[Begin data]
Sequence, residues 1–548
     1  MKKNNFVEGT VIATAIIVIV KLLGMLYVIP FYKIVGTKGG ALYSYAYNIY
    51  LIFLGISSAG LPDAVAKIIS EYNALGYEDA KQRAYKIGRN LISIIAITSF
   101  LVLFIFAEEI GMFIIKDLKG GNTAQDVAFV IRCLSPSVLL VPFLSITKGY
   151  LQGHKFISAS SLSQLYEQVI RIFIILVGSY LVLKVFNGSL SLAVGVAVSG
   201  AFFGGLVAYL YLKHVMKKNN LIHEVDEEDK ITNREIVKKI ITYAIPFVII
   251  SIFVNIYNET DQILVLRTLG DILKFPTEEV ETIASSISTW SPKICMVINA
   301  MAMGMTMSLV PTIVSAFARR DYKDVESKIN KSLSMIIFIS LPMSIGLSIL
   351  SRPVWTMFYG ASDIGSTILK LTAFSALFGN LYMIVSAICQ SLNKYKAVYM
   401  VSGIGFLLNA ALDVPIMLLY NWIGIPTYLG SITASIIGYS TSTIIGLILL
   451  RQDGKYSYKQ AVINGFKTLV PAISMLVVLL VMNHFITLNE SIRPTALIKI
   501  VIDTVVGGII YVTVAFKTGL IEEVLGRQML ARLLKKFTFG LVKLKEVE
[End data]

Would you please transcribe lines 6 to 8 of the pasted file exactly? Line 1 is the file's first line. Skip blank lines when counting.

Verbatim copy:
   201  AFFGGLVAYL YLKHVMKKNN LIHEVDEEDK ITNREIVKKI ITYAIPFVII
   251  SIFVNIYNET DQILVLRTLG DILKFPTEEV ETIASSISTW SPKICMVINA
   301  MAMGMTMSLV PTIVSAFARR DYKDVESKIN KSLSMIIFIS LPMSIGLSIL